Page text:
Monday, August 24, 2009

Racism and the American class system

The US class system has always expressed itself through the fiction of 'race'. Race is a vital means by which labour markets are stratified and managed. Ellen Wood has argued that capitalism's use of racism and other modes of oppression reflects its "systemic opportunism", but I am increasingly inclined to disagree. David Roediger's account suggests that capital accumulation requires means of stratifying labour markets. It is not only efficient, but evidently necessary, to have a labour system in which different functions and rewards are allocated according to some supposedly 'natural' (but actually arbitrary) distinctions. With this conviction in mind, I encountered a piece by Walter Benn Michaels for the London Review of Books, in which he argues that "even if we succeeded completely in eliminating the effects of racism and sexism, we would not thereby have made any progress towards economic equality". Further, "Progress in fighting racism hasn’t done them [the working class] any good; it hasn’t even been designed to do them any good." (Just to point out - Michaels is wrong. A significant component of, say, the Great Society and 'affirmative action' programmes were designed to alleviate white poverty and unemployment.)

Having encountered his writing before, I gather that Michaels is a bit of an intellectual tough guy and provocateur. There's a niche for this kind of writing, and within the confines of a kind of liberal ideology his case makes sense. If it was possible to have a non-racist capitalism, the kind that some Sixties activists and civil rights workers hoped might emerge, then one might cynically conclude that a focus on race is counterproductive for the left. Maybe, as Michaels argues, focusing on racism actually lets the class system off the hook. But if capitalism needs 'race' or some analogue function to operate efficiently, then even that cynical attitude is self-defeating.

One way to look at this argument is consider the case that Michaels does - that of the arrest of a relatively wealthy (Michaels says 'rich', suggesting that despite his focus on class, he doesn't have a particularly rigorous conception of it) African American academic, named Henry Louis Gates. Michaels pretends that Gates' status shows that the elite has been 'diversified'. In furthering his case, which is that only the invisibility of Gates' class status led to his harrassment, he also omits to mention that the officer was perfectly well aware of Gates' position, having viewed his ID, and therefore wasn't cowed by it. He also doesn't mention that the reactions of the officer, the national police bodies, the media and the political class, were not cowed by Gates' being 'rich' either. In fact, what the case showed was that even the expanding black middle class and professional layers are also subject to police violence and harrassment. It also showed that most of the established media, police and political class will defend the officer involved in such instances. It showed that racism remains a crucial part of the way the capitalist system in the US operates. No doubt Gates' class position made it more of an issue for debate, stoking up a little bit of that legendary 'white liberal guilt'. But it didn't stop the system from being racist.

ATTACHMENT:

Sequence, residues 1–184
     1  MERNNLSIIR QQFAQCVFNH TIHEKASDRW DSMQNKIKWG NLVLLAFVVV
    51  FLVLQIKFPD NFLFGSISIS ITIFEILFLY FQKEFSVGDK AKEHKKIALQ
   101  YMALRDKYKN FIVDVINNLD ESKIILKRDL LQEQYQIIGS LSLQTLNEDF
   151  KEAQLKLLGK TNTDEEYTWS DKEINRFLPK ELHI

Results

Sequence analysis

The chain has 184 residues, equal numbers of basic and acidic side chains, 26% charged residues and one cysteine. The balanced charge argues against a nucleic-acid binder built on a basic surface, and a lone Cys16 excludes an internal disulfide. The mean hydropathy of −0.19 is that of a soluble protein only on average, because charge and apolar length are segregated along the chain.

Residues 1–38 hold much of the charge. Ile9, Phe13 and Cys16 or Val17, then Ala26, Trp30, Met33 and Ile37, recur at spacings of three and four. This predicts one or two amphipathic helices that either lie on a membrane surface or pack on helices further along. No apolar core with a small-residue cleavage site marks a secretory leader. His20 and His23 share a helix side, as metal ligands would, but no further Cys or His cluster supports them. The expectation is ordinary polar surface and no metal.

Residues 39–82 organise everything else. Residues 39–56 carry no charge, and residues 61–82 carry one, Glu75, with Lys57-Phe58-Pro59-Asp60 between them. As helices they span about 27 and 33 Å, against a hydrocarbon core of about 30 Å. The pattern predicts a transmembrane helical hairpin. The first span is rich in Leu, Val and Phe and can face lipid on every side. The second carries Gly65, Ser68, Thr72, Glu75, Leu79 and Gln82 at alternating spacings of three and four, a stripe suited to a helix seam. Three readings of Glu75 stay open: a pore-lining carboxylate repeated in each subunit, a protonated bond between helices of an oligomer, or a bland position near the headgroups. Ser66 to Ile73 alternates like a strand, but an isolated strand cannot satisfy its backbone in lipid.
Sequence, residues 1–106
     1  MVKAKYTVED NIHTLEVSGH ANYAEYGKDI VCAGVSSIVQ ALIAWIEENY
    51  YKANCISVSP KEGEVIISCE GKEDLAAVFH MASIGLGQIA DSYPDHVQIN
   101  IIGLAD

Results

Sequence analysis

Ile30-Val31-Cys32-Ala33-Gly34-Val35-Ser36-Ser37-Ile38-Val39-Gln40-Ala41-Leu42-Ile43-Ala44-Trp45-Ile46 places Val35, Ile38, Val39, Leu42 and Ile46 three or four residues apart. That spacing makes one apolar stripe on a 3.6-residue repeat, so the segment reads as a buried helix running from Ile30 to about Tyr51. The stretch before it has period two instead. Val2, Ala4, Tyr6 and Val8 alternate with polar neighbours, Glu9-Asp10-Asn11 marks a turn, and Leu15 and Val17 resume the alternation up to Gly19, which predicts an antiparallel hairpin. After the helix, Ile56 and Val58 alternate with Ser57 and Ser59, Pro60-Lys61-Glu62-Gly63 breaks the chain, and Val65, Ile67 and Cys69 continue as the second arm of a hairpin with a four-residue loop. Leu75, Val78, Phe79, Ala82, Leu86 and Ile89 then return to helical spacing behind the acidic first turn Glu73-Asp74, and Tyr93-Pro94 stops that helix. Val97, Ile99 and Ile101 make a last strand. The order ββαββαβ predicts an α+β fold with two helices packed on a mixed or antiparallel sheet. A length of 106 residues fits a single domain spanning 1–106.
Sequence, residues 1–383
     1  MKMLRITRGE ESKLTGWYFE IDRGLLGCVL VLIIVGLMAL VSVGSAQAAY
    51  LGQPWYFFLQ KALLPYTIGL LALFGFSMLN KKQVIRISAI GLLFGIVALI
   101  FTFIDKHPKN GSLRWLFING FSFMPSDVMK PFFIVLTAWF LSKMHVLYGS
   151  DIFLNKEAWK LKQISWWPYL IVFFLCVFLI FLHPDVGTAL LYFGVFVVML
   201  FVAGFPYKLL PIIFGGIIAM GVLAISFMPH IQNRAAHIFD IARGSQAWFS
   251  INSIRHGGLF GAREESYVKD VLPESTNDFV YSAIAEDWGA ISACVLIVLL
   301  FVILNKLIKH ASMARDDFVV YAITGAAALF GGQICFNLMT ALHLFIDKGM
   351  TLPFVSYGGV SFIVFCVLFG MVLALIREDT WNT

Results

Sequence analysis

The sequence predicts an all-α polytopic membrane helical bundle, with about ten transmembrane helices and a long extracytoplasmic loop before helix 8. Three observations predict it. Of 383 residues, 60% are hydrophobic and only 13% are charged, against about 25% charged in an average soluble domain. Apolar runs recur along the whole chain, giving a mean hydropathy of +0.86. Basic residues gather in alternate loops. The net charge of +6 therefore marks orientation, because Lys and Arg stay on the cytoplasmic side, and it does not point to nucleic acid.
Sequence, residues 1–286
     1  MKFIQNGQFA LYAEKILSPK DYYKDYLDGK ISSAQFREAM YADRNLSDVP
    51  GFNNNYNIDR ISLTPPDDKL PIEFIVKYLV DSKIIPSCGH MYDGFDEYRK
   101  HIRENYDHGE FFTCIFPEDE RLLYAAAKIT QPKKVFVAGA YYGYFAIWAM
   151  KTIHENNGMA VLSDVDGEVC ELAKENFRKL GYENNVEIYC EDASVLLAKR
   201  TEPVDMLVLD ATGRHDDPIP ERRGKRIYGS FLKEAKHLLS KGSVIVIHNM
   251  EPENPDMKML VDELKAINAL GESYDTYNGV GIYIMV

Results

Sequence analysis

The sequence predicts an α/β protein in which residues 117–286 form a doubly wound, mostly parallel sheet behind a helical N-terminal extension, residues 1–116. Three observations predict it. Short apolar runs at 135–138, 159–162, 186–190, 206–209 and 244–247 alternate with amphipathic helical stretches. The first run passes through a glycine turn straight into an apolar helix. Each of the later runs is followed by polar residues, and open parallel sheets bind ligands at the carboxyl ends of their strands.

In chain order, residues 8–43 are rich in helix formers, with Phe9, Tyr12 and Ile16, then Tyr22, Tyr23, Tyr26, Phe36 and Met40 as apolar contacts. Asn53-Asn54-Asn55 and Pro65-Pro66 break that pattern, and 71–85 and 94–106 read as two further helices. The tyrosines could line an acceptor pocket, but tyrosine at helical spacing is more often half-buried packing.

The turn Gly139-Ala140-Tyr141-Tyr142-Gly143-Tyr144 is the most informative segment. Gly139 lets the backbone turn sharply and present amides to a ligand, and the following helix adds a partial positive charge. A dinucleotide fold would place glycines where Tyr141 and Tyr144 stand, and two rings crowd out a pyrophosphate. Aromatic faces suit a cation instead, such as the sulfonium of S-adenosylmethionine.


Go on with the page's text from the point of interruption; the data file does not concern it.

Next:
The sequel is important. Shortly after the arrest took place a colleague of the officer concerned named Justin Barrett wrote to a newspaper columnist complaining of unfair coverage. He described Gates as a "banana-eating jungle monkey". He said that if he had "been the officer he [Gates] verbally assaulted like a banana-eating jungle monkey, I would have sprayed him in the face with OC deserving of his belligerent non-compliance." (Coverage here). The phrase "banana-eating jungle monkey" was apparently repeated four times in the missive. Now, there are two interesting points about this. My argument at the time was that the officer who carried out the arrest refused to apologise largely because his colleagues told him he didn't have a thing to apologise for. I think they told him not to put his tail between his legs, to remember that if he said sorry he was dropping every one of his friends and colleagues in the dirt. 'If one of them can accuse us of this and get away with it,' one can imagine them saying, 'they'll all be doing it - and we won't be able to move for law suits and the bosses breathing down our necks.' Barrett's words, if you ask me, confirm that this is exactly how his colleagues in the Boston Police Department felt and still feel about this. So, that's the first point - that a major centre of state power was implicated in a defence of white supremacy in this case. The second point that arises is that when Barrett was interviewed by Larry King on CNN, King not only 'accepted' his patently insincere apology on the nation's behalf, but suggested that 'we all' might have to apologise with him. That suggests to me that there's a certain amount of unofficial affirmative action on behalf of white racists going on. There's a preemptive forgiveness for such bestial sentiments that would never be extended to the much less offensive comments of, say, Rev. Jeremiah Wright. So, in the case that Michaels chooses to highlight as an instance in which there is some competition between class and race (as opposed to contiguity), and some sense in which the proof of class seniority might vitiate the effects of racism, the evidence points to precisely the opposite conclusion: even when it is proven that Gates has rock solid, gold standard, upper middle class respectability, he's still suspect, still treated as the villain when a cop smacks him down. There is more to say about this, but I am slightly embarrassed to admit that I'm too angry at the moment to say it.